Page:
It’s the little things in life that make it sticky |

It’s the little things in life that make it sticky

Gary Lindstrom

Sometimes it is the little things in life that will drive you nuts.

Take apples for example. I really enjoy eating apples. My mother had a couple of apple trees in the back yard. One of the nicer times of the year was when the apples were ready to eat. The trees were Harvest apple trees. The kind that are green and perpetually sour. Great apples.

Today, I get my apples at the store. Big Red Delicious apples from Washington State. They are always wonderful and delicious so, true to their name.

The little thing that irritates me about the store apples are those little stickers they put on each apple announcing they are “Red Delicious from Washington State.” The stickers are a pain in the butt.

You have to make sure you find the sticker before you bite into the apple. You have to make sure that when you slice into the apple you don’t cut the sticker in half and end up with two stickers.

The other one appears on each and every banana. I love bananas almost as much as I love apples. I eat bananas nearly every day.

Has anyone else noticed bananas have been 69 cents a pound for the past 10 years? When I worked in Hank Lockman’s Little Store in Iowa in the early 1950s, bananas were 19 cents a pound. Hardly kept up with inflation.

Anyway, I digress. My issue with bananas is the same. Every banana has a sticker on it announcing the grower and the country of origin. Who cares? Does anyone shop considering what country his banana comes from?

It sounds like a George Carlin routine. I looked for special bananas from Colombia, but then could not keep the darn thing lit.

Then, after they announce the name of the grower and the country of origin, they have the gall to sell bananas that are greener than my lawn in spring. Where is the appeal in that? Bananas, by their basic nature, are supposed to be mushy. Who wants a banana that looks like a cucumber?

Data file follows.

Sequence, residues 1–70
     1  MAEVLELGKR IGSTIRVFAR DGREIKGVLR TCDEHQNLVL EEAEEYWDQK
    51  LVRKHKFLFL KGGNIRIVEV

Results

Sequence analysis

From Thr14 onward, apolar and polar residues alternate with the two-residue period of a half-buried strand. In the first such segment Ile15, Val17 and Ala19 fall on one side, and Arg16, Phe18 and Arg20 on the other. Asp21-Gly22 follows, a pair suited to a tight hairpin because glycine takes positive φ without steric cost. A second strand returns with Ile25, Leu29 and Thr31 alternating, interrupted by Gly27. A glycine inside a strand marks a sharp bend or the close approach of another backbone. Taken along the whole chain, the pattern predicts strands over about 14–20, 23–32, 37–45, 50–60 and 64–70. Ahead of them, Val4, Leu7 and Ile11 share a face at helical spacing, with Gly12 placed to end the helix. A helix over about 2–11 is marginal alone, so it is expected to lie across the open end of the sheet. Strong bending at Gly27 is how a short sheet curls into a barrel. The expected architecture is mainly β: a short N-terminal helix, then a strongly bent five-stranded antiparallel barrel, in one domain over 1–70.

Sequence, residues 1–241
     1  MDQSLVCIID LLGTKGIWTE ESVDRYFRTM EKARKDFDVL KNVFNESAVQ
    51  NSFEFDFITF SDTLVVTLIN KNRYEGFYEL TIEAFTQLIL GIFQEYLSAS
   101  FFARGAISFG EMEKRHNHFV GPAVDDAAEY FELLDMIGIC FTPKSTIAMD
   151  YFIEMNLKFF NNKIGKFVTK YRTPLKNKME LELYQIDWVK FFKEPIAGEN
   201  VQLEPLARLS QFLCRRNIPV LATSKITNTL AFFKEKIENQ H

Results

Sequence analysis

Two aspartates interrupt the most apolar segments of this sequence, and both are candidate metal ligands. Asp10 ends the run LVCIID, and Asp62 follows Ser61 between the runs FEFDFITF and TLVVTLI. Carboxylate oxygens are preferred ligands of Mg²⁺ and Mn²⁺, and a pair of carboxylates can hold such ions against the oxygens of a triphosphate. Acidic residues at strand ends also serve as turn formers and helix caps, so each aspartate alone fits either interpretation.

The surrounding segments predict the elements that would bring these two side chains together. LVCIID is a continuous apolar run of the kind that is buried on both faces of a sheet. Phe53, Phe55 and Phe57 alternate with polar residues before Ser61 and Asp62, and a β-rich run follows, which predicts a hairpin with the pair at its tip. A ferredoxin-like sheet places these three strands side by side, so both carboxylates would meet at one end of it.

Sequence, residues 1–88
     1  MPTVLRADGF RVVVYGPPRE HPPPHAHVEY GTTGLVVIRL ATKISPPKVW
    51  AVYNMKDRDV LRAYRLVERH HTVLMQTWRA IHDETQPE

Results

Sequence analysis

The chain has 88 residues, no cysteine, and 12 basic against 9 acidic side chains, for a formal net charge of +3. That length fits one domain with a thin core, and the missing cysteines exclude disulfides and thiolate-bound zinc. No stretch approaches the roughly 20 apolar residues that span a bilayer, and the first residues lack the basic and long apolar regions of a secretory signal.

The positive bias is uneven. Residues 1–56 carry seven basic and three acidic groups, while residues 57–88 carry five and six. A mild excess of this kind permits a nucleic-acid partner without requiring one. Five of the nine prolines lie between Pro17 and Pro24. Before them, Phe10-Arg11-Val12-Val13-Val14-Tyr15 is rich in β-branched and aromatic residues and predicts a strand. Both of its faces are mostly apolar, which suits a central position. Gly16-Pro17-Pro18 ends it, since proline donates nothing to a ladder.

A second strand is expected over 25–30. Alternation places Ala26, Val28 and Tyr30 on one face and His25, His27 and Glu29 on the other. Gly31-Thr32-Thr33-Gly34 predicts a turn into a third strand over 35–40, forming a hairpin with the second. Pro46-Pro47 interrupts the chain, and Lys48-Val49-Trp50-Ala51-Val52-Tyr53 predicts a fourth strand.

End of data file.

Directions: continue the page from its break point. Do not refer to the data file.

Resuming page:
Last but not least, tomatoes. They do the same thing with tomatoes. Stickers on each one. Who cares?

I remember tomatoes fresh-picked from a backyard. They were sweet and delicious. The tomatoes today taste a lot as I would imagine Styrofoam tastes. I am not sure what that is all about. Tomatoes should be soft and succulent and make you want to eat nothing but the tomato.

I remember washing off a tomato at the water pump in the yard and eating it like an apple. It did not have a label and tasted great.

I am sure there are a couple of generations in America that have never tasted a real tomato. They have had hundreds of hamburgers and salads believing that red stuff was a tomato when, in fact, it is a terrible imposter.

Maybe that is why the growers feel compelled to put labels on our vegetables. It is because they are concerned that people might not know what they are eating.

I think we have carried this label thing too far. Entire groups of people have lived their entire lives wanting to wear fine labels. Why does our food have to have labels too?

A friend has suggested it is a way for the checkout clerks to know how much to charge for each item. Hmmmmm. If that is the case, I would refer to what the late Gilda Radner would say at the end of “Weekend Update” on the old “Saturday Night Live”: “Never mind.”

Gary Lindstrom is a Summit County commissioner and regular columnist for the Summit Daily News.

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